Food Trucks: The Ultimate Flexibility for a Skilled Chef

The opportunities for food trucks are infinite. A quality chef, a creative menu, and a fun marketing strategy are keys to a successful food truck business.

The first requirement for a great food truck is becoming a properly trained chef. At Northwest Culinary Institute, for example, our 9-month training program is focused on technique, flavor pairings, presentation, sanitation, culinary math, and professionally guided practice. These skills are a huge asset for high-end restaurants, cruises, or tourist hot spots. The success of these businesses depends on the quality of work put forth by their respective teams.

At Northwest Culinary, we work closely with companies these like Aramark or Cool Works. These employers trust us to suggest highly qualified graduates for their businesses. YOUR Skills = THIER Value. These jobs are a fantastic option for many chefs who want to enjoy exciting destination jobs or gain experience in a bigger kitchen. But with a food truck, YOUR Skills = YOUR Value. That means you get to decide how to use your unique culinary passions and you get to keep the profit. You make the menu, you make the rules, you decide the location and the hours. And best of all your overhead is low and your options are extremely flexible. If you want to try something new with your location, menu or brand, it would be a fairly easy and inexpensive change compared to a brick-and-mortar restaurant.

Food trucks give you flexible service offerings. It is a low-cost way to use the same asset (food truck) for different revenue options like catering, food delivery, to-go items, or even a dine-near experience. For example, using portable tables, chairs, lighting and heaters. You can get as innovative as you want. You get to dream up the experience you want to provide for your customers.

Food trucks also provide flexible location options.  Because they are mobile, you can easily set up shop anywhere depending on the season or needs of your community. You can test and grow depending on what works for your area. It may be best if you keep your truck in one location most of the time and keep consistent hours.  Or it may suit you better to hop around popular sites.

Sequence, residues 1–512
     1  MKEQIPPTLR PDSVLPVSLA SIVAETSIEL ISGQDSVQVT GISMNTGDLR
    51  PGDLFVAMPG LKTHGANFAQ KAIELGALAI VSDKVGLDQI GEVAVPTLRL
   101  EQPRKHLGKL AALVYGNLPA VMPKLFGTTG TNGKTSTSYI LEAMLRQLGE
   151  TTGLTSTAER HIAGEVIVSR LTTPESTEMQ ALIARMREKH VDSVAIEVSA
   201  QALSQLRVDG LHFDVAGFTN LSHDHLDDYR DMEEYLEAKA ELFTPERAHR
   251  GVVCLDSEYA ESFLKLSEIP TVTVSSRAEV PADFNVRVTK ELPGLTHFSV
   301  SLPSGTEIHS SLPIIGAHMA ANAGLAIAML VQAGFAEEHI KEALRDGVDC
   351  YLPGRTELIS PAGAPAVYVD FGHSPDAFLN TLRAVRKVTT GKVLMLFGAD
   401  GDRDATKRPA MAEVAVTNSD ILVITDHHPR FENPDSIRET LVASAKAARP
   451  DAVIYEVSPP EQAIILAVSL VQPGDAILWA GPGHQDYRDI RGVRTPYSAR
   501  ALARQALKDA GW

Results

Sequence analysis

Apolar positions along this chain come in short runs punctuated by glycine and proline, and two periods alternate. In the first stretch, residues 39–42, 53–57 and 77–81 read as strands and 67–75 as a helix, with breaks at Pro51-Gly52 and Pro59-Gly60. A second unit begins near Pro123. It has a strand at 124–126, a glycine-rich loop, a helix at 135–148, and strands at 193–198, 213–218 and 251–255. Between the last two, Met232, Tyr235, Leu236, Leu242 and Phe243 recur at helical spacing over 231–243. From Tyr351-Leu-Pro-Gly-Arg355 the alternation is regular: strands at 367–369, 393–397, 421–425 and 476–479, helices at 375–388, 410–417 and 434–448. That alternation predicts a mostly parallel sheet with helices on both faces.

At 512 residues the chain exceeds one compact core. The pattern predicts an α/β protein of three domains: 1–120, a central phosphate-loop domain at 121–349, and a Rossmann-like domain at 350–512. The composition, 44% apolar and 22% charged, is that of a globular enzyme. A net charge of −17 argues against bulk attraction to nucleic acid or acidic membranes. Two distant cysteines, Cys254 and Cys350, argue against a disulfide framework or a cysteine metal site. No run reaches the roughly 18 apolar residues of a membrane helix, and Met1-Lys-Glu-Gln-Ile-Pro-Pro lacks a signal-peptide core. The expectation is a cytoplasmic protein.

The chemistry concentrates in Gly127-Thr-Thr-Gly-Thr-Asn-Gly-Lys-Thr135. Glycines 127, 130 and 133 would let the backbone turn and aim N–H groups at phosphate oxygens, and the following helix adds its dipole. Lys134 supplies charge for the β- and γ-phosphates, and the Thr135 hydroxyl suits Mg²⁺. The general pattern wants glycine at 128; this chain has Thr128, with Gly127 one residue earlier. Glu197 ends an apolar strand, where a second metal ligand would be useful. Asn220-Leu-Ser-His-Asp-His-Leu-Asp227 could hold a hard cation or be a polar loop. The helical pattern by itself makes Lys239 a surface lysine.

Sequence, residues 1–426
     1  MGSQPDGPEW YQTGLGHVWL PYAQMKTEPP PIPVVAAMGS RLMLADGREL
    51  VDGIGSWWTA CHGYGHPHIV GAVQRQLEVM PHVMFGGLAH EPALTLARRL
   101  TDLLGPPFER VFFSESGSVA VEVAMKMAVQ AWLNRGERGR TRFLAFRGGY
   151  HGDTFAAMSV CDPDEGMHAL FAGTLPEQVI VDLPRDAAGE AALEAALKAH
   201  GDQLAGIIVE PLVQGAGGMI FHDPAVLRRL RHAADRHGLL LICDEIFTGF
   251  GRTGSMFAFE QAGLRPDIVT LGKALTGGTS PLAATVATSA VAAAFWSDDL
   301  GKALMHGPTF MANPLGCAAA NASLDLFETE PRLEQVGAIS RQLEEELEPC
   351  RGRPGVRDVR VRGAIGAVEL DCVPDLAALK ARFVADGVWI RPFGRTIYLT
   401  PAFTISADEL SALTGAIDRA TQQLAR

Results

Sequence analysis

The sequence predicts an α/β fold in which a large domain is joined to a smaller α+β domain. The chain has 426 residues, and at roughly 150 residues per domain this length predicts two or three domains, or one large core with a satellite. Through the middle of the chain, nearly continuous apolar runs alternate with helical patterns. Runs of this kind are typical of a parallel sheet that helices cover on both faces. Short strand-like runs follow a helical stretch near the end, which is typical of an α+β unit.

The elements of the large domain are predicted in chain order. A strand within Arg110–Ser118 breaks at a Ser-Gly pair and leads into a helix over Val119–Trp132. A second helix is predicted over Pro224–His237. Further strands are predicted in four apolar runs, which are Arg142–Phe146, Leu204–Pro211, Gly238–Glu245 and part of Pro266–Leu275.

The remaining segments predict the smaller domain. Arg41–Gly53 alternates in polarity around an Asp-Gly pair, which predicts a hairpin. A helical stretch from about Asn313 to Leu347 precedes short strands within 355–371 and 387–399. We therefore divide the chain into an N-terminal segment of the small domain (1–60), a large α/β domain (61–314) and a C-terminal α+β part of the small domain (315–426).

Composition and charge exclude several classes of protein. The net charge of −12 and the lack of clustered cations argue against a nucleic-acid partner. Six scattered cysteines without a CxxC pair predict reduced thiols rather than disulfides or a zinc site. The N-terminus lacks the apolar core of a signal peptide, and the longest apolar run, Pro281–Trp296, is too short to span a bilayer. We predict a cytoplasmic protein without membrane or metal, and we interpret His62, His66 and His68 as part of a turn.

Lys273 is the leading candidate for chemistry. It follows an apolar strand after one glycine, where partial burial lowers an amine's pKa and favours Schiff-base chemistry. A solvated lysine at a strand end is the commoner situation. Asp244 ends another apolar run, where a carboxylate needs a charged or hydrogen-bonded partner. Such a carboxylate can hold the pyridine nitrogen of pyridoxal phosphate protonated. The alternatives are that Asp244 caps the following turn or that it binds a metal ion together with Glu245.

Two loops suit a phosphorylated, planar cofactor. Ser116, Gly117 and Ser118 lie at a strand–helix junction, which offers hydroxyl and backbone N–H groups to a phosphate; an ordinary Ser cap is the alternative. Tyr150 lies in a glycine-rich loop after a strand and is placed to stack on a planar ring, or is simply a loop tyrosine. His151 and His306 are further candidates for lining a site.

One of the most important strategies to remember is to go where the people are. Parties, weddings, concerts, hospitals, shopping centers, farmer’s markets, colleges, oil fields, pools, beaches, parks, gyms, schools, office buildings, etc.

People often get tired of the same old restaurant options. To have a truck show up outside of the office just in time for lunch or before heading home to feed the family dinner would be welcomed. Can you imagine the simple joy and excitement “food truck day” would bring? Some communities in Nashville, TN and Washington State have gotten their food truck businesses together to support one another. They have even created national database-like websites and apps where truck owners can post their menu, location, and schedule. Customers can easily use the app to find their favorite trucks and even order right from the app. This would make it easy to do something like a community tour with a “guest food truck of the week,” stopping at local hospitals, college campus’ or job sites.

Food trucks could also easily provide a fund raising opportunity for clubs and organizations. Or a be fun place for high school students to grab a snack after school with their friends. Some trucks even set up just outside of neighborhoods. In Washington, they have a website dedicated to food trucks in specific neighborhoods. This makes it convenient for the food truck operators as well as the customer and of course, keeps spending local. Which is always a good thing.

The flexibility food trucks have in the culinary industry is unmatched and can be extremely fun and rewarding for creatives.